The Big R: What To Do When An Employee Resigns
An organisation's core objective is to maintain quality and efficiency across operations, but when an employee resigns, it does take their toll on the business. If a talented person who has been working for your organisation puts in their papers without any prior notice, it can become a sticky situation.
From employee off-boarding to rehiring and training, companies must handle employee resignations properly. What you as an employer should do when a resignation is announced?
Let's discuss some ways you can deal with this situation.
You receive a resignation on a seemingly happy day, and all your positive emotions go down the drain. However, acknowledge the resignation of your employee before asking them about the what, how, and why. Thank them for their hard work and support throughout their working tenure with your company. Assure them that you will look into a smooth exit from your organisation.
Accepting the resignation is just the first step! Every company wants to hold on to its best-performing employee, and if you feel they are the one, don't shy away from trying to retain them. However, if this doesn't turn out the way you would like it to, try to show them that the doors to your organisation are always open for them.
Notice Period & Training
Discuss the procedures and regulations of the notice period. Inform them about the procedures that need to be followed for a smooth transition. While they are on their notice period, it will be your job to find a suitable candidate to take up their responsibilities. Take assistance from them, as they are the ones who know their responsibilities best and would know who would be a better match. If you do find a suitable candidate during the notice period, request that they assist you in training the new candidate under them.
Notice-period buyouts are becoming more common with talented employees, as the next company they move to is also eager to have them on board, so as an employer, you need to be prepared for this situation too.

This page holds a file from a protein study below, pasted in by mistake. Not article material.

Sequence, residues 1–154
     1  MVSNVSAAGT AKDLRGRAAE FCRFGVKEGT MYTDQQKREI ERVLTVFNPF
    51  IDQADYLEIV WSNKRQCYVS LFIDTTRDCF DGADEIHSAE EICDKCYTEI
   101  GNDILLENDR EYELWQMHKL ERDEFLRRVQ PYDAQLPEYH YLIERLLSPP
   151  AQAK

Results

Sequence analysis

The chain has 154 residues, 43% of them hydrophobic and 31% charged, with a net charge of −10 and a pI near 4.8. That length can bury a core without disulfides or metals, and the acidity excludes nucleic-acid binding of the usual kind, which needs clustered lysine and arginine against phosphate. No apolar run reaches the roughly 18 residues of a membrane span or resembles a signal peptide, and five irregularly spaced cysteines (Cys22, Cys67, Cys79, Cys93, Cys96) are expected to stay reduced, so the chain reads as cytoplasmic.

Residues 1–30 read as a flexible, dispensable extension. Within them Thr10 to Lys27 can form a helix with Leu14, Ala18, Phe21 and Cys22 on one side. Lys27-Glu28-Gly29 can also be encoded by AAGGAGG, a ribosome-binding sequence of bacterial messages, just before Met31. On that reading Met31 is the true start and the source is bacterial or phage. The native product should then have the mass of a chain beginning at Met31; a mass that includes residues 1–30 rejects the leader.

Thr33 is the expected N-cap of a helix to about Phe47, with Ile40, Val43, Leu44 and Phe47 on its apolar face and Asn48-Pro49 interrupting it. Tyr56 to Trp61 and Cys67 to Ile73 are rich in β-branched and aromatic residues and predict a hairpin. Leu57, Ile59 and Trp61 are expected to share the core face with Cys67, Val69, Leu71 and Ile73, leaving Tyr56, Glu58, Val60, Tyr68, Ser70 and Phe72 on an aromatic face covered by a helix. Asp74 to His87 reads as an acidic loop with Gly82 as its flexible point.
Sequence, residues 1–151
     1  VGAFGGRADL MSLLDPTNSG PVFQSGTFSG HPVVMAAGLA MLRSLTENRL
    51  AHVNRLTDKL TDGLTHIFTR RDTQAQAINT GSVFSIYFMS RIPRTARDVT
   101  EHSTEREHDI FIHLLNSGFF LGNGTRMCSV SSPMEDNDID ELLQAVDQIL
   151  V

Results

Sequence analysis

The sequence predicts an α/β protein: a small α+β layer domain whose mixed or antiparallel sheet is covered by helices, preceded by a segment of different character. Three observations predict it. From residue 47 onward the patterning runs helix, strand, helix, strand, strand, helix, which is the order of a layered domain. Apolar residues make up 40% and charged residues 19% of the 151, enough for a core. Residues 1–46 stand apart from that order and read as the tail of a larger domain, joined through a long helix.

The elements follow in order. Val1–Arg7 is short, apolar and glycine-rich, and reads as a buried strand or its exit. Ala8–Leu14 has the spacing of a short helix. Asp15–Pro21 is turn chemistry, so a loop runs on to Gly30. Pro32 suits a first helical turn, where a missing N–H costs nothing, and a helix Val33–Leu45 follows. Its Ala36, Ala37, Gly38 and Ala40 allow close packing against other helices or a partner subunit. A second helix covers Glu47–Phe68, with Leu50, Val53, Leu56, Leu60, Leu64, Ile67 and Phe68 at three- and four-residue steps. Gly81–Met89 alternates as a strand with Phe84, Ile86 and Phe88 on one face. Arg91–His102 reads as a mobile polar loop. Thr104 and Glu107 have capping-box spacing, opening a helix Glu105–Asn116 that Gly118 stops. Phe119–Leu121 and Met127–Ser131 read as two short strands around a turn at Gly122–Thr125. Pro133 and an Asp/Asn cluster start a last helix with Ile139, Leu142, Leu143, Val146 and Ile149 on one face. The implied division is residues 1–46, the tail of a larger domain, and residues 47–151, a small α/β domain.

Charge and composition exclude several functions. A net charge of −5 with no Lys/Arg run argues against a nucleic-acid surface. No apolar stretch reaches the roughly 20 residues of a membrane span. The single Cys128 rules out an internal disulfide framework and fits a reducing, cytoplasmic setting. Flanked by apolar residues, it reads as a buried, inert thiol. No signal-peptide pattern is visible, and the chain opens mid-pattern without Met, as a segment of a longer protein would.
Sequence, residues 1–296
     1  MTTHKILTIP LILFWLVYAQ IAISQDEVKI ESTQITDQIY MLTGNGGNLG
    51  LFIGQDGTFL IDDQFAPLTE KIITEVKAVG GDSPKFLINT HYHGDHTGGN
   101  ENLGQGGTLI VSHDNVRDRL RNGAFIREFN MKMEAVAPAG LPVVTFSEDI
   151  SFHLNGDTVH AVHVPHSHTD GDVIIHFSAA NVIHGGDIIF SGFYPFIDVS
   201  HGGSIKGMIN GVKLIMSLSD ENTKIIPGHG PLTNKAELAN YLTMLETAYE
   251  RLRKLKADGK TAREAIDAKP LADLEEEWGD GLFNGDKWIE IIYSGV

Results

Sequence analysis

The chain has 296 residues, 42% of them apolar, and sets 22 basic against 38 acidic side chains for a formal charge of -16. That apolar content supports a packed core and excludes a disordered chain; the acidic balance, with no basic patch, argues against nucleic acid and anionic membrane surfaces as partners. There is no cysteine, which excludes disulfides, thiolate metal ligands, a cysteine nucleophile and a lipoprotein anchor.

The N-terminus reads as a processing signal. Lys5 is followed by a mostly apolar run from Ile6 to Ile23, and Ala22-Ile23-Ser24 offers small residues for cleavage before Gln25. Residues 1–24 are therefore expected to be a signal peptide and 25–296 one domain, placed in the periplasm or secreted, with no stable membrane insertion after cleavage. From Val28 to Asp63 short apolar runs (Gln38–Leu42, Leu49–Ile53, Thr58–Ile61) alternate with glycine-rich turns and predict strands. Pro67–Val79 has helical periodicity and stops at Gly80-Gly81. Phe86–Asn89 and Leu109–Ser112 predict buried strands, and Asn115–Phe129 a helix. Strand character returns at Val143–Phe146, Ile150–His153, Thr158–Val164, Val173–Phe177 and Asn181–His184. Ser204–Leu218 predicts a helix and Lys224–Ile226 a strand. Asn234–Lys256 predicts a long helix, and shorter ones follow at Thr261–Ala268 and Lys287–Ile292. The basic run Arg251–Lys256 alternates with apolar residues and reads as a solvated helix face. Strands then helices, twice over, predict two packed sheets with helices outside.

Process transfers are stressful and should not be left until the last minute. Make sure you are clear about the things they need to complete and the things that need to be handed over to another person. If they have any pending projects that you want them to complete, make that evident too. If possible, make a list of everything they need to hand over to the next person ahead of time.
Your final days at any organisation are bound to be special so make sure you make this new transition in their lives special too. You could do this easily by having a small activity with the other employees to write down small positive affirmation notes or by holding a farewell party and thanking them for their remarkable work.
Get feedback! During an exit interview, you can dig deeper into the how, when, and why. Learn everything you can about your company, because it will help you shape its policies and culture. Sometimes the reasons could be personal, but sometimes it could be a lack of something at your organisation that prompted them to move. Get insights from them; since they are eventually leaving, there is a high chance they will be completely honest with you.
Proper planning during an employee's resignation is a must for all small and large companies. Ultimately, the process of effectively dealing with and working around a resignation takes a lot of skill and practice, as well as personal experience. As an employer, try to be as professional as possible instead of taking anything personally.